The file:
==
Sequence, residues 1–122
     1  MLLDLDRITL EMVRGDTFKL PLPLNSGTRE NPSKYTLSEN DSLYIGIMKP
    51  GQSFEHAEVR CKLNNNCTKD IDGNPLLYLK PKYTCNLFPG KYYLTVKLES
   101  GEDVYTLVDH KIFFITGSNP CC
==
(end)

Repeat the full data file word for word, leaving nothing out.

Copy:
Sequence, residues 1–122
     1  MLLDLDRITL EMVRGDTFKL PLPLNSGTRE NPSKYTLSEN DSLYIGIMKP
    51  GQSFEHAEVR CKLNNNCTKD IDGNPLLYLK PKYTCNLFPG KYYLTVKLES
   101  GEDVYTLVDH KIFFITGSNP CC